Poly in the mainstream mediaTue 13th February 2018
I will write occasional posts about the way in which polyamory and non-monogamy is portrayed in the mainstream media. Kimchi Cuddles is funny on the way in which poly pieces are always headlined by feet sticking out of a bed and there is, oddly, an emphasis on white people with coloured hair in triads. These seem to be the dominant, mainstream media images right now.
Images aside, there are also some unhelpful narratives about poly and one of these is that it is for “millennials” who are “not ready to settle down yet”.
This recent piece in The Guardian is a case in point.
“But there are many new relationship patterns emerging, polyamory being one, largely among young people who are not ready to settle down. They want to maintain a long-term partnership but also have romances on the side. And they want to be honest and transparent about it. Many people, particularly in the west, seem to be addicted to the initial feeling of falling in love“
Mmmmh. So, not only are young people not ready to “settle down” they are also “addicted to the initial feeling of falling in love”.
This misses two crucial aspects of non-monogamy.
First, non-monogamy is about consciously rethinking what commitment means. People are increasingly aware that a marriage or relationship is unlikely to last in one form for FOREVER and so non-monogamy and poly are about conciously committing and looking at what commitment means at that particular life stage. This is very much linked to the ideas explored in the Relationship Anarchy manifesto.
“Customize your commitments
Life would not have much structure or meaning without joining together with other people to achieve things — constructing a life together, raising children, owning a house or growing together through thick and thin. Such endeavors usually need lots of trust and commitment between people to work. Relationship anarchy is not about never committing to anything — it’s about designing your own commitments with the people around you, and freeing them from norms dictating that certain types of commitments are a requirement for love to be real, or that some commitments like raising children or moving in together have to be driven by certain kinds of feelings. Start from scratch and be explicit about what kind of commitments you want to make with other people!”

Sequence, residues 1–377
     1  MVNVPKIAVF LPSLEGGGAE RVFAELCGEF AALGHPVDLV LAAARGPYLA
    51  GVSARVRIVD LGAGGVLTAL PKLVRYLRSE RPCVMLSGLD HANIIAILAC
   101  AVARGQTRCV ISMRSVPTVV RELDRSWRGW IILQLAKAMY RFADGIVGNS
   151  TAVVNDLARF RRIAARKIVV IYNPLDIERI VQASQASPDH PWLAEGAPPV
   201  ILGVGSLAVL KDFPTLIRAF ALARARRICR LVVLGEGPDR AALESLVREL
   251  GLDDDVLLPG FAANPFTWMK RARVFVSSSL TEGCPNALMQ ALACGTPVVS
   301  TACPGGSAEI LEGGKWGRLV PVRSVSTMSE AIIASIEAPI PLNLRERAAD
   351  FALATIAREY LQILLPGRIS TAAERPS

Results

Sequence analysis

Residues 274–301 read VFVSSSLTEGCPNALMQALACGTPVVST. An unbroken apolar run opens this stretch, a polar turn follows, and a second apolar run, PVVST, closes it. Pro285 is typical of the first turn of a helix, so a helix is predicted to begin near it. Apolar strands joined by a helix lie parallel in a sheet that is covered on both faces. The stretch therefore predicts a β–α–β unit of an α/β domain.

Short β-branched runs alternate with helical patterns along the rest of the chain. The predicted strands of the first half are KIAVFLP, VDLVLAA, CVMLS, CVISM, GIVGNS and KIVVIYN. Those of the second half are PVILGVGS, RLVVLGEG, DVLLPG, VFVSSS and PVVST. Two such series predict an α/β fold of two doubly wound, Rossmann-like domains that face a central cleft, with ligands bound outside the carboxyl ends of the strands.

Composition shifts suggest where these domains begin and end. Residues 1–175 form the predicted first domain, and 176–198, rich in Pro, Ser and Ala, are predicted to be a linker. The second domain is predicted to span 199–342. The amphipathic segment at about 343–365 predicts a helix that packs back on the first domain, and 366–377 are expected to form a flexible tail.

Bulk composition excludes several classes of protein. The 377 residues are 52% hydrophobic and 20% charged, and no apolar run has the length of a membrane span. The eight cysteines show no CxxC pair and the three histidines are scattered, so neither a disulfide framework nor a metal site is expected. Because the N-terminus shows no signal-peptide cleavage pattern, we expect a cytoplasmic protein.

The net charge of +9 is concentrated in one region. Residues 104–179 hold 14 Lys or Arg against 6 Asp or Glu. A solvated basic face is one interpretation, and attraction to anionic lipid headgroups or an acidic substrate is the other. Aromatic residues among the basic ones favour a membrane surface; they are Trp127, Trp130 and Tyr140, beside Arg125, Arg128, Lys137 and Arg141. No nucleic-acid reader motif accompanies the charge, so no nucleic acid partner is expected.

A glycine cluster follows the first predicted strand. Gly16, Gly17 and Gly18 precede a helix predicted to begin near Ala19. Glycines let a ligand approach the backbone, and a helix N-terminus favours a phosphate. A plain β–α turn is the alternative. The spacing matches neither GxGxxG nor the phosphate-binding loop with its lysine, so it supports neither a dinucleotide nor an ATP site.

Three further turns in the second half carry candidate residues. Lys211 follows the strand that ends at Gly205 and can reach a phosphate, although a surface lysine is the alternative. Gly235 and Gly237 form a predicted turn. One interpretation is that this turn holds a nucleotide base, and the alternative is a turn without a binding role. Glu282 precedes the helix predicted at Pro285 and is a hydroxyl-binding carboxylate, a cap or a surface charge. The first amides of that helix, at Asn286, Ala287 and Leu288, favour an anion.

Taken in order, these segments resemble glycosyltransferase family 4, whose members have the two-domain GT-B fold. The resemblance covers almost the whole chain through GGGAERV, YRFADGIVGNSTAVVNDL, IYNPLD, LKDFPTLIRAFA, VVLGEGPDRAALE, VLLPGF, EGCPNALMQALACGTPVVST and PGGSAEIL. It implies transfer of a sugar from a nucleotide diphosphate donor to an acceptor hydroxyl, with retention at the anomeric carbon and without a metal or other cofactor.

So, it is about crafting your own commitments – not AVOIDING commitment. This is based on the abundant evidence that the current, dominant meet-engage-move in-marry model have as much chance of success as you have of getting a head or tails in a coin flip – it is 50/50.
And, so, the next point is the “obessesion” with falling in love.
People engaged with non-monogamy and poly explore tirelessly the concept of new relationship energy (NRE). There are usually high levels of awareness amongst the community of the fact that this is a stage and to enjoy it but also not allow it to dictate behaviour or any changes that might be unhelpful or unwise in the long term. Hardly the behaviour of people “addicted” to falling in love…
The lack of media understanding comes, in part, I believe, from people not realising the degree of awareness non-monogamous people bring to all their relationships. These are people who are actively engaged with their relationships and who talk, talk, talk about every detail. No emotional, or practical, stone is left unturned.
It seems to me that many monogamous people could benefit from bringing a simialr level of awareness to their choices. And, certainly, the media could learn alot from LISTENING to poly people openly and fairly rather than projecting their own ideas and fears onto the relationships those people are having.